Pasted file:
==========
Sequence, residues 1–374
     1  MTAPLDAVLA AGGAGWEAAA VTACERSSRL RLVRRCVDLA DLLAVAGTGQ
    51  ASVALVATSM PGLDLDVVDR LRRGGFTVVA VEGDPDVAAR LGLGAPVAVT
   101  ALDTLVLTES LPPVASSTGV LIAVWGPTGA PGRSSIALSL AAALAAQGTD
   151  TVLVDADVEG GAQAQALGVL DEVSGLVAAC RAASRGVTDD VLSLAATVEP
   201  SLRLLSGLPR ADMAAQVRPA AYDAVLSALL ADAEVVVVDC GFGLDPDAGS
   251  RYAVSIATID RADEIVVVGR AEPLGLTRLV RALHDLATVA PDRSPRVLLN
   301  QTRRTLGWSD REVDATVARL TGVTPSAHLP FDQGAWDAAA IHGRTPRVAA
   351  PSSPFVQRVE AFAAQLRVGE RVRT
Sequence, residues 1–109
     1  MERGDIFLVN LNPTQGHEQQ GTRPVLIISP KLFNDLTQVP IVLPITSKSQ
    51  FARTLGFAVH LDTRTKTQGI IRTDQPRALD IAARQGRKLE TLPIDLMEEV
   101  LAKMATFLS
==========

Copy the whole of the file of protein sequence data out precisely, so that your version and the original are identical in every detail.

Sequence, residues 1–374
     1  MTAPLDAVLA AGGAGWEAAA VTACERSSRL RLVRRCVDLA DLLAVAGTGQ
    51  ASVALVATSM PGLDLDVVDR LRRGGFTVVA VEGDPDVAAR LGLGAPVAVT
   101  ALDTLVLTES LPPVASSTGV LIAVWGPTGA PGRSSIALSL AAALAAQGTD
   151  TVLVDADVEG GAQAQALGVL DEVSGLVAAC RAASRGVTDD VLSLAATVEP
   201  SLRLLSGLPR ADMAAQVRPA AYDAVLSALL ADAEVVVVDC GFGLDPDAGS
   251  RYAVSIATID RADEIVVVGR AEPLGLTRLV RALHDLATVA PDRSPRVLLN
   301  QTRRTLGWSD REVDATVARL TGVTPSAHLP FDQGAWDAAA IHGRTPRVAA
   351  PSSPFVQRVE AFAAQLRVGE RVRT
Sequence, residues 1–109
     1  MERGDIFLVN LNPTQGHEQQ GTRPVLIISP KLFNDLTQVP IVLPITSKSQ
    51  FARTLGFAVH LDTRTKTQGI IRTDQPRALD IAARQGRKLE TLPIDLMEEV
   101  LAKMATFLS